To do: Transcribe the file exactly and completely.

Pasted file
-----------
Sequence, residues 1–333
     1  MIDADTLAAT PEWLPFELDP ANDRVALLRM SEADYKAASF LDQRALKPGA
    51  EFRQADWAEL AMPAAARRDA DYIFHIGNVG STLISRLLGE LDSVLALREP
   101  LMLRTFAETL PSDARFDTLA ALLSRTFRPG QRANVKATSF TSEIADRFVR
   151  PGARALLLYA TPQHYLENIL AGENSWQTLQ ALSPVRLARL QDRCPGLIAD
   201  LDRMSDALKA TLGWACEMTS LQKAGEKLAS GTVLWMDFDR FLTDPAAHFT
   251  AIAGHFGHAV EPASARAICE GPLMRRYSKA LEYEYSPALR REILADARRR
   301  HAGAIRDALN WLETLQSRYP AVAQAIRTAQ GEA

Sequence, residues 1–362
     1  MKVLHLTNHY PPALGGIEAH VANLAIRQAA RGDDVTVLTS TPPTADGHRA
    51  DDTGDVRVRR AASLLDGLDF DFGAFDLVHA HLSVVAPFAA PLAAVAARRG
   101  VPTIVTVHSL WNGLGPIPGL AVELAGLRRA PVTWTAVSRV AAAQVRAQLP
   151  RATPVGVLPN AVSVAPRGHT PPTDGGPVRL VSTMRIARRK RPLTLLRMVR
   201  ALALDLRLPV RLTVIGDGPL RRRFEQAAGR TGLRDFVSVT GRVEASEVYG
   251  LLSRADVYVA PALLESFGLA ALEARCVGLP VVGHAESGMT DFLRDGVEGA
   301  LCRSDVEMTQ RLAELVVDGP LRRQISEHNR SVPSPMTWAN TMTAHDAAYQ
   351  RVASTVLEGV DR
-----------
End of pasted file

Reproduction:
Sequence, residues 1–333
     1  MIDADTLAAT PEWLPFELDP ANDRVALLRM SEADYKAASF LDQRALKPGA
    51  EFRQADWAEL AMPAAARRDA DYIFHIGNVG STLISRLLGE LDSVLALREP
   101  LMLRTFAETL PSDARFDTLA ALLSRTFRPG QRANVKATSF TSEIADRFVR
   151  PGARALLLYA TPQHYLENIL AGENSWQTLQ ALSPVRLARL QDRCPGLIAD
   201  LDRMSDALKA TLGWACEMTS LQKAGEKLAS GTVLWMDFDR FLTDPAAHFT
   251  AIAGHFGHAV EPASARAICE GPLMRRYSKA LEYEYSPALR REILADARRR
   301  HAGAIRDALN WLETLQSRYP AVAQAIRTAQ GEA

Sequence, residues 1–362
     1  MKVLHLTNHY PPALGGIEAH VANLAIRQAA RGDDVTVLTS TPPTADGHRA
    51  DDTGDVRVRR AASLLDGLDF DFGAFDLVHA HLSVVAPFAA PLAAVAARRG
   101  VPTIVTVHSL WNGLGPIPGL AVELAGLRRA PVTWTAVSRV AAAQVRAQLP
   151  RATPVGVLPN AVSVAPRGHT PPTDGGPVRL VSTMRIARRK RPLTLLRMVR
   201  ALALDLRLPV RLTVIGDGPL RRRFEQAAGR TGLRDFVSVT GRVEASEVYG
   251  LLSRADVYVA PALLESFGLA ALEARCVGLP VVGHAESGMT DFLRDGVEGA
   301  LCRSDVEMTQ RLAELVVDGP LRRQISEHNR SVPSPMTWAN TMTAHDAAYQ
   351  RVASTVLEGV DR